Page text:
Retros – Dave.
I hadn’t spoken to Dave for a little while. The last time was July 2009 when Alan called and put Dave on the line, we chatted briefly, traded a couple of insults and that was that.
Alan rang to tell me Dave had died.
I got to Tamworth for the funeral. Alan was there and met me at the airport. He was resplendent in his monkey suite. It was good to see Alan.
We were early, it wasn’t clear whether there would be 10 people or 100, but as 11.00 a.m. Rolled around the crowd started to build until we had about 150 people packing the little chapel, as we gathered in the little brick building we listened to a medley of music from some of the productions that Dave had been involved in over the years.
Dave’s immediate family sat at the front of the chapel, I’m not sure who they were, brothers and sisters, nephews and nieces. Dave didn’t really talk much about them over the years.
The service started with the celebrant who made her speech from the Funeral Directors Guide on how to say shallow meaningless things. There were plenty of nods about the place as she gave us line after line of ‘comforting’ words.
Stephen Carter from the Tamworth Musical Society then led the eulogy and related to us a brief story of Dave’s life and his involvement with the society spanning many years. Steve also read a short bit from Alan. Dave had been helping Alan’s Dad out for many years, visiting him and taking him for drives.
Then we heard from the lead performer from the TMS production of Joseph and the Amazing Technicolour Dream Coat.
I closed my eyes, drew back the curtain
To see for certain what I thought I knew
Far far away, someone was weeping
But the world was sleeping
Any dream will do
His voice was clear and resonated about the building, the piano accompanying him wonderfully well. As he started the second verse from around the chapel groups of the TMS began to support him with the harmony and the effect was simply stunning. As he sang his line they responded and for a few brief minutes we were transported into the musical.
Next we had someone from the local Diabetes Society and he told us about Dave’s involvement with them, it sounded like a significant contribution.
Finally a song from the Boy From Oz, Dave’s last production. The vocalist struggle to keep the raw emotion to one side, however despite the over whelming nature of the day he carried it through to the end and did a marvellous job. Finally breaking down after the last note.
The part missing from this was what Dave meant to us, to me. The part about him being a big poof, a tart and a slut. No mention made of his sexuality or the ‘other’ group of friends he surrounded himself with. There were a number of gay people present, just about everyone from the TMS for starters. This is my story about Dave, and perhaps under different circumstances I might have got up and said this about him.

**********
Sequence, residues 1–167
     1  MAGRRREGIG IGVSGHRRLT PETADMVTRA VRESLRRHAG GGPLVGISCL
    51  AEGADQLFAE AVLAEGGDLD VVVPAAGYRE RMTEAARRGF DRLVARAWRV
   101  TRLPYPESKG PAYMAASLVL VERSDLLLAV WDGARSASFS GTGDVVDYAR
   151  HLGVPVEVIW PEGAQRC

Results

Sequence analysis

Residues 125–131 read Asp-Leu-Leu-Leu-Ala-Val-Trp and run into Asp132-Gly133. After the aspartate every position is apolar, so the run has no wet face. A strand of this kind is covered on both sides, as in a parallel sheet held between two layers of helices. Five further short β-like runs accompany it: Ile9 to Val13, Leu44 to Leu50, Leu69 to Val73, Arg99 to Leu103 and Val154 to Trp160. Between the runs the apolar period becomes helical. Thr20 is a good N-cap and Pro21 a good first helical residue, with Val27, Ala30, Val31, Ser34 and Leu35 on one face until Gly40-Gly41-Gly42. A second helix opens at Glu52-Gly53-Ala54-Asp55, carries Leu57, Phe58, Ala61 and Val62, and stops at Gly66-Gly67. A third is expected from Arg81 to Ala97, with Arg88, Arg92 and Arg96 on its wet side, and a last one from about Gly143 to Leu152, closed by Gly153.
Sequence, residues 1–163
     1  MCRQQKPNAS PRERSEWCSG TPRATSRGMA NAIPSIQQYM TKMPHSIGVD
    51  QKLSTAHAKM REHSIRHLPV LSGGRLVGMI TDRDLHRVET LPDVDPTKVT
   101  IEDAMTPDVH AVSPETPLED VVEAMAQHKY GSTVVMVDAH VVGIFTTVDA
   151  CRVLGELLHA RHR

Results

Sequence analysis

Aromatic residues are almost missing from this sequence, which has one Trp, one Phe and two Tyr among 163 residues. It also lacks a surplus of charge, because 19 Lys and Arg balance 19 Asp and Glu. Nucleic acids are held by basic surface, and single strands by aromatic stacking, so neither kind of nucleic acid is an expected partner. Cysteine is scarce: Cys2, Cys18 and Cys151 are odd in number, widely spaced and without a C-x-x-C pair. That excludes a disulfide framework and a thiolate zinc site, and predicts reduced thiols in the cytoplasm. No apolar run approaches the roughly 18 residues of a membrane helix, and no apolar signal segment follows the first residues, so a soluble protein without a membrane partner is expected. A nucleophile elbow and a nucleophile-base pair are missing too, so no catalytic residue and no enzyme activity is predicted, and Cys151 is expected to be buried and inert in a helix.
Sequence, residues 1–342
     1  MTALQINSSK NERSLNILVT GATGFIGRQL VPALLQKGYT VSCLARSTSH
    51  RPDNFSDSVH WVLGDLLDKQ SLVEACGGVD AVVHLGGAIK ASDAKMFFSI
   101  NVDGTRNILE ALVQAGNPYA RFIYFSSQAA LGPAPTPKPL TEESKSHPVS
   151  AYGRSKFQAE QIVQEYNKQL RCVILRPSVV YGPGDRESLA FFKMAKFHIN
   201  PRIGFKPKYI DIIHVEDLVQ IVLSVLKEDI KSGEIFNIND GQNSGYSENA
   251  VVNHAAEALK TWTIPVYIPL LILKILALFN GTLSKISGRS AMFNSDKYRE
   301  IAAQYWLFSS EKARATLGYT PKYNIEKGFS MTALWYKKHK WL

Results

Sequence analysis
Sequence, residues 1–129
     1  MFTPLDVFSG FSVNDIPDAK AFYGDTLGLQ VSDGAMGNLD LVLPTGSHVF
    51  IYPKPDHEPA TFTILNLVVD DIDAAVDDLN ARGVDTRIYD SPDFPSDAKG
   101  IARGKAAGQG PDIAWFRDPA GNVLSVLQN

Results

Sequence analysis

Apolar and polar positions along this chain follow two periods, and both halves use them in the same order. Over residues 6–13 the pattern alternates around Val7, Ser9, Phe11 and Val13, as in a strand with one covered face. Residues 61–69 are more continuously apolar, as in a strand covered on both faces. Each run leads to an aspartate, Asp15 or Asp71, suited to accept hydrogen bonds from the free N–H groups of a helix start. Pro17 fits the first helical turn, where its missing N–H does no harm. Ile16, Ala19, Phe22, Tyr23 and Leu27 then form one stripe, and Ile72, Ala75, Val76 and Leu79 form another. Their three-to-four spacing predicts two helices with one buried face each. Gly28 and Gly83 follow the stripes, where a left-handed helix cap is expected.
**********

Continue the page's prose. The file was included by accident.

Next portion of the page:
When I first stumbled into GAG in 1996, Dave was there, RETROS. He was quiet at first, but always there, always ready to say hello and engage in a little banter. As time rolled by and we got to know each other better we started to slag off at each other, having a good time trading insults and generally being gay. Neither of us knew about each others life outside the chat room and over those first few years we discovered more and more. He was at home, downstairs, his father upstairs. He was hiding behind the computer screen. Like a naughty school boy. We formed a strong friendship and during one of our daily catch ups it came to light that he would be in Western Victoria the same weekend I would be there. Both of us seeing family. So we arranged to meet. Strangely enough I chose the initial meeting place to be the public toilets outside the local footy oval, as we both knew where that was, from there we had a coffee and breakfast at a café and started chatting. One of his brothers had a farm just out of Hamilton and he had been visiting there, driving all the way from Tamworth for a few days.
Over the years I caught up with Dave several times, a visit to Tamworth, his visits to Melbourne and he even drove up to the Gold Coast while I was holidaying there to see us.
Dave was funny. He was quick witted, a slut with his language, able to trade sexual jibes at the drop of the hat or the drop of the soap. He was always prepared to have private conversations and at times was willing to listen to my worries and give a few encouraging words. In our irregular face to face meetings Dave was always ready with a gag or a practical joke, he had a wicked smile and always a twinkle in his eye. His eyes also roamed a fair bit, because after all he was gay.
It wasn’t until his death that I realised just how much Dave had been there in my life for a good solid 10 years, we would at least say hello to each other most days.
I regret letting it slide the last few years. Life gets in the way and friendships suffer as a result.
Dave, you are such a slut.